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BlackRock Raises Stakes For ESG ETFs

Lara Crigger

On Tuesday, BlackRock released its annual letter to shareholders, as well as CEO Larry Fink's annual letter to CEOs, and with them, raised the bar for environmental, social and governance (ESG) investing.

The letters, which sound dire warnings about the existential threat climate change poses, establish immediate, concrete commitments that BlackRock is making toward more sustainable investing and product offerings.

Many of the announced changes go into effect in the next few months.

‘Significant Reallocation Of Capital’

In its client letter, BlackRock identified two key risks from climate change: the "physical risk" associated with environmental changes, such as rising temperatures and sea levels; and "transition risk" associated with society moving to a low-carbon economy.

This transition may not be cheap or easy for companies, and it could and likely will cut into their bottom lines. But it will happen regardless, says Fink, because it must: "In the near future—and sooner than most anticipate—there will be a significant reallocation of capital."

"I believe we are on the edge of a fundamental reshaping of finance," he added.

Doubling ESG Lineup

Among the changes announced, BlackRock intends to double its current lineup of ESG ETFs, up to a projected 150 products worldwide.

Many of these new ETFs will be sustainable versions of its flagship index products, though which indexes or products were not specified in the announcements.

Currently, iShares offers 14 ESG ETFs in the U.S., totaling over $10.4 billion in assets under management, or more than half of all assets invested in ESG ETFs:

iShares offers many more products overseas, including 67 sustainable ETFs in Europe, 10 in Singapore and seven in Canada.

Coming Soon

Recognizing the fact that different investors approach ESG investing in different ways, BlackRock's client letter outlined a three-pronged approach toward future launches.

Some ETFs will focus on screening out specific sectors or companies that investors find objectionable—so-called "exclusionary screened" ETFs that historically had dominated ESG product offerings.

Other ETFs will provide exposure to high-ESG-ranked companies while simultaneously attempting to match the performance of traditional market-cap-weighted benchmarks. This product category has found particular success recently with the launch of funds like the $1.86 billion iShares ESG MSCI USA Leaders ETF (SUSL).

'Ex-Fossil Fuels' ETFs

Still other ETFs will attempt to optimize for both ESG ratings and implement stringent exclusionary screens, including one for fossil fuel companies. Though ex-fossil fuel ETFs from State Street and others already exist, BlackRock has yet to launch any of its own products on this theme.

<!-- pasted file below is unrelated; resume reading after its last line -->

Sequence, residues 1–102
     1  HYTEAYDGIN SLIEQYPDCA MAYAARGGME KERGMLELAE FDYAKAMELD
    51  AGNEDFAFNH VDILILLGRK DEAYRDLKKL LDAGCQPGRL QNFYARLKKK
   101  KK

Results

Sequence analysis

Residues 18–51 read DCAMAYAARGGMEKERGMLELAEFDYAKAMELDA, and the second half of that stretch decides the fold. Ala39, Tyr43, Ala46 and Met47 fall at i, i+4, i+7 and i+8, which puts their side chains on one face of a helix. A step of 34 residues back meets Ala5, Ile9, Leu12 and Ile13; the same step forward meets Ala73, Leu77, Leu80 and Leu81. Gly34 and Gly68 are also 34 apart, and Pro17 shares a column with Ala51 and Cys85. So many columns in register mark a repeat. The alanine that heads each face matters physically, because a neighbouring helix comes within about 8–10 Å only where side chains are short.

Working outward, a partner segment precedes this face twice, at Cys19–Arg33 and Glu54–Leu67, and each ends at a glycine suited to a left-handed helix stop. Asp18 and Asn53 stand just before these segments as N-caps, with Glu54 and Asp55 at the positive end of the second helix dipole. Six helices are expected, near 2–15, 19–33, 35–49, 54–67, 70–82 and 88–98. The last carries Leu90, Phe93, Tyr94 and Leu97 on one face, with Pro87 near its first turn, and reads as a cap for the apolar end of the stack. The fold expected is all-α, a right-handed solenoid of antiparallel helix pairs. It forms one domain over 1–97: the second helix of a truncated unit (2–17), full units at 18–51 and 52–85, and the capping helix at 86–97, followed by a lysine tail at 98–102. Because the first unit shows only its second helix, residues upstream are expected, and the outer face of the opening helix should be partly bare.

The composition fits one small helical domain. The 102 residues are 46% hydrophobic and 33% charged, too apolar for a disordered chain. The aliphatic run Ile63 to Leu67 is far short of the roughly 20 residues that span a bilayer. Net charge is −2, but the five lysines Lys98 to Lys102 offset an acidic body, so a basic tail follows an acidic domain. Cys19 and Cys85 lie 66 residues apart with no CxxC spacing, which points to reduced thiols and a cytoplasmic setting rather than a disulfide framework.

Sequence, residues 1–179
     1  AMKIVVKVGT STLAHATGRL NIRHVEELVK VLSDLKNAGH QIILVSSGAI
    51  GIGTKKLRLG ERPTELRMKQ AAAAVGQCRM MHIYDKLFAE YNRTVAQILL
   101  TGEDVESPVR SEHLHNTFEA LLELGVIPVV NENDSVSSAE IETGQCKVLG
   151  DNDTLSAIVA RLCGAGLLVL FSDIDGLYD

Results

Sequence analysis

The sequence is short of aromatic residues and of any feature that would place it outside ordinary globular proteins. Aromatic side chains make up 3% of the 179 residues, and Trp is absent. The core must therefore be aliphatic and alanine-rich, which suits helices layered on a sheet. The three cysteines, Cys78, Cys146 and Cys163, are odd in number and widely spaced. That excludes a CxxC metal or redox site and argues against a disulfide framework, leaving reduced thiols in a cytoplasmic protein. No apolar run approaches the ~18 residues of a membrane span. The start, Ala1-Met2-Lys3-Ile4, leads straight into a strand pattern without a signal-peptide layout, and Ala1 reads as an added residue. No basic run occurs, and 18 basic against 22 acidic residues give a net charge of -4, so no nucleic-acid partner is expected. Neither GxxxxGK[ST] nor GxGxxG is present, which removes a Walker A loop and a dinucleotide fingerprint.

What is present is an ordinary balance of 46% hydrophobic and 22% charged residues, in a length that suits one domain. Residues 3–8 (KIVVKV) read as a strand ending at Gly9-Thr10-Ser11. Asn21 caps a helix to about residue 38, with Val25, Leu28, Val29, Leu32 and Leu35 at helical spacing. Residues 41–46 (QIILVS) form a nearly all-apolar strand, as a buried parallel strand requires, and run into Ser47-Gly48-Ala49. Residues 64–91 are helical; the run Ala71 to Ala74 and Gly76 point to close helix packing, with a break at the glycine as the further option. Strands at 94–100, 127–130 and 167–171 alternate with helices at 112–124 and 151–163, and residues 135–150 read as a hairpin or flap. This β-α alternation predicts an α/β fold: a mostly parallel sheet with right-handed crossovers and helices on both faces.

Also, the firm plans to launch sustainable versions of its target-date mutual funds and its all-in-one asset allocation ETFs, which include the iShares Core Growth Allocation ETF (AOR) and the iShares Core Moderate Allocation ETF (AOM). These funds are ETFs' closest equivalent to target-date funds, which are huge in the mutual fund space. (Read: "An Unlikely ETF Revival.")

Divesting From Coal

But BlackRock's plans extend far beyond a few product launches. The company also has pledged to integrate ESG into every step of its investment process, from working with index providers to create more sustainable benchmarks, to offering ESG-optimized model fund portfolios and risk management tools.

Furthermore, BlackRock will divest the entirety of its $1.8 trillion of actively invested assets from thermal coal producers, as well as apply pressure on the companies still using thermal coal to transition to another power source.

For context, BlackRock is a top-10 stakeholder of several major coal companies, holding 5% of outstanding shares of Peabody Energy Corporation (BTU); 8% of Arch Coal Inc (ARCH); and 14% of Warrior Met Coal (HCC).

Maybe It Really Is Different This Time

In its letter to clients, BlackRock was careful to caution that use of and investment in fossil fuels is a practical necessity that will persist for the foreseeable future: "Investment exposure to the global economy will mean exposure to hydrocarbons for some time. While the low-carbon transition is well underway, the technological and economic realities mean that the transition will take decades."

Still, something about the frankness and immediacy of BlackRock's 2020 letters feels different than its past promises for greater commitment to social action. The firm appears to be approaching sustainability less as a thematic opportunity now, and more as table stakes for the pragmatic investor.

We might look back on Jan. 14 as the day everything changed. Or we might not. It all depends on BlackRock's follow-through. I've already spoken to one advisor who remains skeptical of the news, arguing that, to really believe BlackRock has had a change of heart, he'd need to see the firm start voting in line with its promises.

Even still, I'm excited by this announcement. BlackRock isn't the first asset manager to pledge itself to greater sustainability, but it is by far the largest—and perhaps the momentum generated will help pull the rest of the industry along, too.

Contact Lara Crigger at lcrigger@etf.com

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